LANSING, Mich — Four more cases of measles have been confirmed by the Michigan Department of Health and Human Services (MDHHS) in Wayne and Oakland County.
Officials note this is the highest reported outbreak of measles in Michigan in 28 years. So far this year, 387 cases of the disease have been confirmed in 15 states. 33 happening in Oakland County, and one in Wayne County.
Symptoms of Measles begin 1-2 weeks after exposure, but can lay dormant for as many as 3 weeks and include:
- High fever (may spike to over 104˚F).
- Runny nose.
- Red, watery eyes.
- Tiny white spots on the inner cheeks, gums, and roof of the mouth 2-3 days after symptoms begin.
- A rash that is red, raised, blotchy; usually starts on face, spreads to trunk, arms, and legs 3-5 days after symptoms begin.
MDHHS call the measles vaccine “highly effective and very safe”, inoculating 95% of children after the first dose and 100% after the second. Children are typically inoculated for the disease between 12 and 15 months, with a secondary dose given just before entering kindergarten.
Health departments in both counties are working closely with MDHHS to determine exposure locations, listing the following as potential sites:
- Yeshivas Darchei Torah School, 21550 West 12 Mile Road, Southfield, 9 a.m. – 2 p.m.
- Congregation B’Nai Israel: 15400 W. 10 Mile Road, Oak Park, 5:30 – 8 p.m.
- Bais Haknesses Hagrah, 14561 W. Lincoln Blvd., Oak Park, 7 – 10 a.m.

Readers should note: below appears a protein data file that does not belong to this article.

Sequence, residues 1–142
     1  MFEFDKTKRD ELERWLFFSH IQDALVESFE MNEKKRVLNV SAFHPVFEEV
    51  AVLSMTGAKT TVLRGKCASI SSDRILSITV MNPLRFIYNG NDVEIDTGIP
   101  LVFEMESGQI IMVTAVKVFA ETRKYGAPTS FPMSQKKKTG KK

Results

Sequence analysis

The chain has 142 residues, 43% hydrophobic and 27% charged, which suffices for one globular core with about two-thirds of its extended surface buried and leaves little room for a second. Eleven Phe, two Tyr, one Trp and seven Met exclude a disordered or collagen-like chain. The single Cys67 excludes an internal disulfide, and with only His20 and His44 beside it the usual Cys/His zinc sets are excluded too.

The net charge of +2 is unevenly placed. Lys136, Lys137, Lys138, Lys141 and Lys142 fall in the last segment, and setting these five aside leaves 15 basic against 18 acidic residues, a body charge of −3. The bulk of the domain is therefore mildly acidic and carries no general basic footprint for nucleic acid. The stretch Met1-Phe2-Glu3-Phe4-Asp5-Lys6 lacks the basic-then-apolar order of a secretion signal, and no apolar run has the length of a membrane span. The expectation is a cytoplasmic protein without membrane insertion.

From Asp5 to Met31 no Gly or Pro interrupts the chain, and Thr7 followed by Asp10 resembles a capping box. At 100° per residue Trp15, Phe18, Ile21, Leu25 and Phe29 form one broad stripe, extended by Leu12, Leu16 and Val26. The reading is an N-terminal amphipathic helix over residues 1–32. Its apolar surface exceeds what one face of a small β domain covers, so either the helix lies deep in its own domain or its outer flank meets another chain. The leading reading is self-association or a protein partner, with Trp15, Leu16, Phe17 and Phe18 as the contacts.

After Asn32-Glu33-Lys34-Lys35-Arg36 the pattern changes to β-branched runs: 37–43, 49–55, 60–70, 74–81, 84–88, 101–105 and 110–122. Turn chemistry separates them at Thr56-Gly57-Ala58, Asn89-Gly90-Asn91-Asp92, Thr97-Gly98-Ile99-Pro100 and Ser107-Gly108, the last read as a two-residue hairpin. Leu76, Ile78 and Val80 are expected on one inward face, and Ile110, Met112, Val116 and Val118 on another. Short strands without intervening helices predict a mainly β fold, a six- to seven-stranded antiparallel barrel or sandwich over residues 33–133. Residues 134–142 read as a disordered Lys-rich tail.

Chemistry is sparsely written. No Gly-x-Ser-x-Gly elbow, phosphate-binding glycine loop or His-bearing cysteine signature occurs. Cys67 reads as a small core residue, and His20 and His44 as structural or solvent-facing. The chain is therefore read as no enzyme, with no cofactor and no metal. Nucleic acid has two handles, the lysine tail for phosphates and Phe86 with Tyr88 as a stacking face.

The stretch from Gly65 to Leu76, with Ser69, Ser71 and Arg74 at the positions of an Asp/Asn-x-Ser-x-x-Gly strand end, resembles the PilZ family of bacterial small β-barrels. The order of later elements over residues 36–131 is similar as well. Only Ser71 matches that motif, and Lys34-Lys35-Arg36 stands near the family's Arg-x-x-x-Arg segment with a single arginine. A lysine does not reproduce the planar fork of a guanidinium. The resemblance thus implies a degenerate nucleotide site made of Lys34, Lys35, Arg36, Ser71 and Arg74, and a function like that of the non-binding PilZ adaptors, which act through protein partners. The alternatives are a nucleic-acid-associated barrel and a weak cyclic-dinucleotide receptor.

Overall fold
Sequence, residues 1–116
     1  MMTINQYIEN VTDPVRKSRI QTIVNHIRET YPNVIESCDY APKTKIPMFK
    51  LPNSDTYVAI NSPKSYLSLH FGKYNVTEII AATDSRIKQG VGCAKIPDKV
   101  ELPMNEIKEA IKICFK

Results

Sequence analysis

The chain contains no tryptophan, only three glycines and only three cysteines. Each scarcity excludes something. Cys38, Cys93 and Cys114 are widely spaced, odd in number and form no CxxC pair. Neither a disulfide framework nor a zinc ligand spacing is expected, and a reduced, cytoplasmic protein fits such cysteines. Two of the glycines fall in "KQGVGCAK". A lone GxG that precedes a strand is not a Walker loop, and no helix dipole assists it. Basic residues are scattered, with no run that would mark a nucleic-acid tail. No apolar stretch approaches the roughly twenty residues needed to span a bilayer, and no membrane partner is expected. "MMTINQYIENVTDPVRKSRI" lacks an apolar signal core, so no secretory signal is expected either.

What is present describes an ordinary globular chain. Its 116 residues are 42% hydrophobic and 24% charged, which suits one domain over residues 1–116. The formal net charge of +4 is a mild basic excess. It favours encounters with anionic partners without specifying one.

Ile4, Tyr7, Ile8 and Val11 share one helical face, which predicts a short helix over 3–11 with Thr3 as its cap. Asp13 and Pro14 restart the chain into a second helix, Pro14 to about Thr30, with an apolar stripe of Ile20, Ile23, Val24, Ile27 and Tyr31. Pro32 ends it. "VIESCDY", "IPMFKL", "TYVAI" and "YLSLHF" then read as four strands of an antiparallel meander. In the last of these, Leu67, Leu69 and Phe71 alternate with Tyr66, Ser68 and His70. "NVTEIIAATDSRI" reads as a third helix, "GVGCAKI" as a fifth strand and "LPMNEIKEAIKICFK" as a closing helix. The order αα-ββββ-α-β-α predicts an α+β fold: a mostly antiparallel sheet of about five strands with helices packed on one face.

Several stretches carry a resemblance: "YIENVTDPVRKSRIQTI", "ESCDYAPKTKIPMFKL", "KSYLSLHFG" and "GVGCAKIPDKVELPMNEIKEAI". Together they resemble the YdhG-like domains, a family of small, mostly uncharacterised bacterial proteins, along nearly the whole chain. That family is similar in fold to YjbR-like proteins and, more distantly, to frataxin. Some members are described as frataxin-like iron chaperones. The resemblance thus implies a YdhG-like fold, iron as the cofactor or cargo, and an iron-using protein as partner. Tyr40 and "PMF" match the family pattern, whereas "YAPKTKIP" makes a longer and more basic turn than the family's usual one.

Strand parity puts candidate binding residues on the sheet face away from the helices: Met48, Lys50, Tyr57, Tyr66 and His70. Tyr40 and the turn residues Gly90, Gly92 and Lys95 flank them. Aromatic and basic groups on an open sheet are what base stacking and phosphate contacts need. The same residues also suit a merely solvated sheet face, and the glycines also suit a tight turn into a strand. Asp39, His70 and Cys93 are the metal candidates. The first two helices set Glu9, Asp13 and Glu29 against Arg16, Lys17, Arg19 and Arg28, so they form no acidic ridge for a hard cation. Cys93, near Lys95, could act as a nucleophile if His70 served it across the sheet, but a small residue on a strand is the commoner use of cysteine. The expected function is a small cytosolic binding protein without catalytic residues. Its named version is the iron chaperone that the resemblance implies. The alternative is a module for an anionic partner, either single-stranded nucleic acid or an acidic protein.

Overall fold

- Beaumont Medical Building, 1st Floor: 3535 W. 13 Mile Road, Royal Oak, 2:30 – 5 p.m.
- Yeshivas Darchei Torah School, 21550 West 12 Mile Road, Southfield, 9 a.m. – 7 p.m.
- Bais Haknesses Hagrah: 14561 W. Lincoln Blvd., Oak Park, 7 – 10 a.m.
- Yeshivas Darchei Torah School: 21550 West 12 Mile Road, Southfield, 9 a.m. – 7 p.m.
- Congregation B’Nai Israel: 15400 W. 10 Mile Road, Oak Park, 5:30 p.m. – 8 p.m.
MDHHS categorizes measles as “highly-contagious” though preventable, spread by person-to-person contact or the air, living for up to two hours in the air where an infected individual has been present. Those at high-risk for contracting the disease are considered to be anyone “un-vaccinated or unsure about vaccination status, pregnant women and those who are immune-compromised (have a weakened immune system due to illness and diseases like HIV, malnutrition and/or medications).”
If symptoms develop, residents are urged to call their doctor or emergency room before arriving so they can take precautions to prevent exposure to other individuals.